Konya Archeology Museum was opened for the first time in 1901 in the building at the southwest corner of the Karma Secondary School. In 1927, the works were moved to the Mevlana Museum to be exhibited. The artifacts, which were taken from here in 1953 and moved to the İplikçi Mosque, have been moved to the present Archeology Museum building since 1962 and put into service.
Starting from the Neolithic age, artifacts belonging to the Old Bronze, Middle Bronze (Assyrian Trade Colonies), Iron (Phrygian, Urartian), Classical, Hellenistic, Roman and Byzantine eras are exhibited in our museum.
Our museum in the exhibit hall prehistoric artifacts from the Neolithic (6500 B.C – 5300) age terracotta pots unearthed during excavations in the mound of Çatalhöyük Flint and Obsidian to mastering systematic Arrow and spearheads, daggers, mirrors, and cutting tools, stone axes made of stone and bone, women's ornaments are exhibited. The Old Bronze (B.C 3000 -1950), various forms of brightly polished terracotta pots, January coasters, boot-shaped pots, weights, and rattles found in the infiltration and Karahöyük excavations belonging to the era are exhibited. Again in the same exhibition hall, the Middle Bronze (Assyrian Trade Colonies) unearthed in the excavations of Karahöyük, rhyton vessels made of terracotta, orchards, grape cluster-shaped oil lamps, bronze axes, daggers, sickles, chisels, and stone cylinders seals and stamp seals made of bronze from 1950-1750 B.C are exhibited.
In the Iron Age (8-6 centuries B.C) exhibition hall of our museum, Phrygian pot fragments found in the Konya Alaaddin Hill excavation and Phrygian terracotta pots decorated with geometric patterns from the Kıcıkışla mound, located 20 kilometers north of Karapınar district, are exhibited. In the same hall, black glossy painted imported kylix, lekythos, aryballos, alabastron, and oinochoe with figures from the classical period (480-330 B.C) works are exhibited. In addition, in this exhibition hall, there are terracotta jugs, plates, and bowls made in various forms belonging to the Hellenistic age (330-30 B.C).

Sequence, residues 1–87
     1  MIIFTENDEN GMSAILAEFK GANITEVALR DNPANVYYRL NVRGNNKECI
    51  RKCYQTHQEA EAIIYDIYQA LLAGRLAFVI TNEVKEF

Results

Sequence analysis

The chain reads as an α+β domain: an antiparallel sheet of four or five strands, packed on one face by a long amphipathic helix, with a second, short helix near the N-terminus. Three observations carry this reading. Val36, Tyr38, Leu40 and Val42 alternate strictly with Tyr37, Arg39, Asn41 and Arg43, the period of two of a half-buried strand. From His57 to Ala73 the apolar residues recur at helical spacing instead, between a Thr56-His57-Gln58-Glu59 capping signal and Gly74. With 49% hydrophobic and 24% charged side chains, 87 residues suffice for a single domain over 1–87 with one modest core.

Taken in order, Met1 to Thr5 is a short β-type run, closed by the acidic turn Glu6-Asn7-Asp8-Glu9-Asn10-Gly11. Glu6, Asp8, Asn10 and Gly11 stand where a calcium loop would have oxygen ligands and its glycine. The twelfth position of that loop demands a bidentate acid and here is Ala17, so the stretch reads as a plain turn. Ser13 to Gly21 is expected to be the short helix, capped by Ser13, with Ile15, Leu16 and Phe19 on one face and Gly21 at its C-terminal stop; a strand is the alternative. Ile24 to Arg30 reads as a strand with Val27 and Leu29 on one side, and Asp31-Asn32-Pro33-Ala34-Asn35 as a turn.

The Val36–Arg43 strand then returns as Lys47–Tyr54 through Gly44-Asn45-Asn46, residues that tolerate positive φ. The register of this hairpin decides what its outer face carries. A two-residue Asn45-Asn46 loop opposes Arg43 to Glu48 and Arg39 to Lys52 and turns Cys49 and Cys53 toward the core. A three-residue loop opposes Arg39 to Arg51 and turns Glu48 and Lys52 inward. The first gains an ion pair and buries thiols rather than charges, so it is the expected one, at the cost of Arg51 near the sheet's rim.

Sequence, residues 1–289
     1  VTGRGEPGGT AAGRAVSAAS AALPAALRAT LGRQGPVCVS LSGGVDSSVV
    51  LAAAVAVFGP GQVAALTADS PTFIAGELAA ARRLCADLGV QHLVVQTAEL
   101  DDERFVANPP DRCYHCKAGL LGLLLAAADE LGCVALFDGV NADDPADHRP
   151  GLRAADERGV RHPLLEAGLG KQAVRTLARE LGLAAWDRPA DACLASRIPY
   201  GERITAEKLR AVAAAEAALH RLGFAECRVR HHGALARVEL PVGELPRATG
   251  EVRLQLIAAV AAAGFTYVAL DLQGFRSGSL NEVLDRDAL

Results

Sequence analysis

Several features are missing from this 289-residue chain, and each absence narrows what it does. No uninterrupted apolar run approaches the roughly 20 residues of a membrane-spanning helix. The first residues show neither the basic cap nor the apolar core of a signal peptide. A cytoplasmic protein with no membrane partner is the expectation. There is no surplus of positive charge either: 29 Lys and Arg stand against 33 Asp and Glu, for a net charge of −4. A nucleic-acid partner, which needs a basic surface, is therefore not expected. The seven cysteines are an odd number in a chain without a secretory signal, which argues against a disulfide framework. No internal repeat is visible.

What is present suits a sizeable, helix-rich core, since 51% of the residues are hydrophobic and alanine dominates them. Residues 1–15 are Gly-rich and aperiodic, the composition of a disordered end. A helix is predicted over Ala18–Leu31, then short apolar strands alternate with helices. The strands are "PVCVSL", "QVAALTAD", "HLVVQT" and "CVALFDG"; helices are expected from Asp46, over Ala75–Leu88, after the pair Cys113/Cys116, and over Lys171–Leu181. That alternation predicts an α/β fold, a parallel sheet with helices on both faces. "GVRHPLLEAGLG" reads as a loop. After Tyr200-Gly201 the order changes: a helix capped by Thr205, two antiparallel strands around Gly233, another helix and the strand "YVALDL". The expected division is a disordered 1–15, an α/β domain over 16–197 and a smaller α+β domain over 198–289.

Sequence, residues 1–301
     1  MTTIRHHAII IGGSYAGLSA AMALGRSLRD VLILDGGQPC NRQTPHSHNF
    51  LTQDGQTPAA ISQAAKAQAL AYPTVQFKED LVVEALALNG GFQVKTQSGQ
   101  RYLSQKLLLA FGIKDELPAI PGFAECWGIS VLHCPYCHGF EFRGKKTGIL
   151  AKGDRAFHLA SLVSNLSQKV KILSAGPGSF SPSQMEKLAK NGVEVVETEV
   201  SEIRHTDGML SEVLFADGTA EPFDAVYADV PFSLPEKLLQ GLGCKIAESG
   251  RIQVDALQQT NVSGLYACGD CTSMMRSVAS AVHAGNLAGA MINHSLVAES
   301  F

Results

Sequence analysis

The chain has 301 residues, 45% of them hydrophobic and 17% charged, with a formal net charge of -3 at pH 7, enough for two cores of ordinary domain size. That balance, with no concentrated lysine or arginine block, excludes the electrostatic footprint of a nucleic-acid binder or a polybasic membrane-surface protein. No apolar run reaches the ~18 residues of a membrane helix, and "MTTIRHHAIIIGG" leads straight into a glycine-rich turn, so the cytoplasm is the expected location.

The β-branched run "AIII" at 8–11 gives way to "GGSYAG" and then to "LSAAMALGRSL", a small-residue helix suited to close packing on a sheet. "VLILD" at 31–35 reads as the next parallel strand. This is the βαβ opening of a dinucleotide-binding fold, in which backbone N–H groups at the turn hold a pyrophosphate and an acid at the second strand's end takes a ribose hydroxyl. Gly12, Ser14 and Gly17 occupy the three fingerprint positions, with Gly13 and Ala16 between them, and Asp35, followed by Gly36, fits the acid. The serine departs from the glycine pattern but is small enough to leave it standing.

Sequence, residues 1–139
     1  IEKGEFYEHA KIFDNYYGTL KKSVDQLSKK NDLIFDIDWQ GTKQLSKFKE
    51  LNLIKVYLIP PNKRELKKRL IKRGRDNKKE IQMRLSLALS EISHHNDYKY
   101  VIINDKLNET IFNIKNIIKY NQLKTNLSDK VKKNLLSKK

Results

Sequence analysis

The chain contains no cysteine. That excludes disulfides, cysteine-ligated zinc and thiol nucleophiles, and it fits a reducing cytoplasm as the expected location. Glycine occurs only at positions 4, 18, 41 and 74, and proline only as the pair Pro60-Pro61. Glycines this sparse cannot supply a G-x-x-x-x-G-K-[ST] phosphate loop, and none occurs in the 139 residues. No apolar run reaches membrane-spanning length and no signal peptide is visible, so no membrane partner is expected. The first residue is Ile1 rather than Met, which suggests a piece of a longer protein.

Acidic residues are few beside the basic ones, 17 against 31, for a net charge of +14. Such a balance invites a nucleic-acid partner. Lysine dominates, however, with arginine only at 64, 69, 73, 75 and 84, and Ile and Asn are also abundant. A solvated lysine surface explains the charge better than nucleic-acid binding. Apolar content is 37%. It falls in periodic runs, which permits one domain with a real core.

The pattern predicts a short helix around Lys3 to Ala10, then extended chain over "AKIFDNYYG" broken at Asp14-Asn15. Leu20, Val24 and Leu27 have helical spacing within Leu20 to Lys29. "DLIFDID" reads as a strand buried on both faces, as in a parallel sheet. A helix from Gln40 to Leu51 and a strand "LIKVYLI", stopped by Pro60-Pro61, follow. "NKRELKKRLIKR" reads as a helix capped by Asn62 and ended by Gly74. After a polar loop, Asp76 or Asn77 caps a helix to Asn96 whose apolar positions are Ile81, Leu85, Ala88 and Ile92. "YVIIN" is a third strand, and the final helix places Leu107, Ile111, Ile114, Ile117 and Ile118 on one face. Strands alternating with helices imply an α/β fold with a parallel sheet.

The most striking display hall of Konya Archeology Museum is the Roman Age (30 B.C - 395 A.D) hall. There are 6 sarcophagi made of high-quality marbles in this hall. The most important of the sarcophagi is the Sarcophagus of Heracles, which was found in Yunuslar Village, Beyşehir district. The 12 hard work of Heracles, known as a demigod in Greek mythology, is described on the Heracles sarcophagus, which is dated to 250-260 B.C. Other sarcophagi are columnar, girland, and pamhliya type sarcophagi made of extremely high-quality marble. In the Roman exhibition hall, a statue of Poseidon, a statuette of Aphrodite, the god of health, male and female busts of Asclepius, terracotta sarcophagi, oil lamps, perfume bottles, glass perfume bottles, bracelets, gold rings and earrings, and an ivory comb are exhibited. In addition, the gods and goddess figures made of bronze and the bull figurine are located in the Roman period section. The floor mosaics dating back to the 6th century A.D, which were found in Tatköy Monastery Excavation and Alibeyhöyük Church Excavations, were removed from the excavation site and moved to the Archeology Museum, restored, and exhibited in the Roman exhibition hall.
Marble and stone works are usually exhibited in the garden located in the front part of the Museum Building. There are architectural fragments, columns, column capitals, sarcophagi, grave steles, grave lions, larnaks, and altar stones belonging to the Roman and Byzantine eras.
The museum building is located in Konya Central Meram District, Sahibata Neighborhood, No 91, Sahibata Street.